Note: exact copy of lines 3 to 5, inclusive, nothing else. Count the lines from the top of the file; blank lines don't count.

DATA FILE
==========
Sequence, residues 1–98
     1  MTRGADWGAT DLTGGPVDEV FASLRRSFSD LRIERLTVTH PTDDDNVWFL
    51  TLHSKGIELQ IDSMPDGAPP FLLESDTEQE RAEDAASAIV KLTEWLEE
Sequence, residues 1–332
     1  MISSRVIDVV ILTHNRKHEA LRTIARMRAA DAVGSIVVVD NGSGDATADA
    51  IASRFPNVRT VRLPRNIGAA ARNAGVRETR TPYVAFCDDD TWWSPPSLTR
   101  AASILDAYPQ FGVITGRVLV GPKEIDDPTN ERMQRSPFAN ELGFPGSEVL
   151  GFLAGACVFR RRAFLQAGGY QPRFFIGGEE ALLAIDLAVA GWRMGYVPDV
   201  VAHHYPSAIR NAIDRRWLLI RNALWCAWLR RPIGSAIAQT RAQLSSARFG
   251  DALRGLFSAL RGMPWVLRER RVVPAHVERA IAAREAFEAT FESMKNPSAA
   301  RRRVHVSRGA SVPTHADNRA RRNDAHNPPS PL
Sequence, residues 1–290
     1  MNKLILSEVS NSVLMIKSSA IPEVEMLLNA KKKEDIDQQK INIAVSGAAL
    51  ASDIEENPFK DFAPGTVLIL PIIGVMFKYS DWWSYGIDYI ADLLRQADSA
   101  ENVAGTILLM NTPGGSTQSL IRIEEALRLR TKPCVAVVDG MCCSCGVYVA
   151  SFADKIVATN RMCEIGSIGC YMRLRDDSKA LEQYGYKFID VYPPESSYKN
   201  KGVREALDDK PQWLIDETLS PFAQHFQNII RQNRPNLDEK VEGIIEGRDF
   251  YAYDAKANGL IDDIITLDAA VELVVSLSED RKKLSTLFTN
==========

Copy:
    51  TLHSKGIELQ IDSMPDGAPP FLLESDTEQE RAEDAASAIV KLTEWLEE
Sequence, residues 1–332
     1  MISSRVIDVV ILTHNRKHEA LRTIARMRAA DAVGSIVVVD NGSGDATADA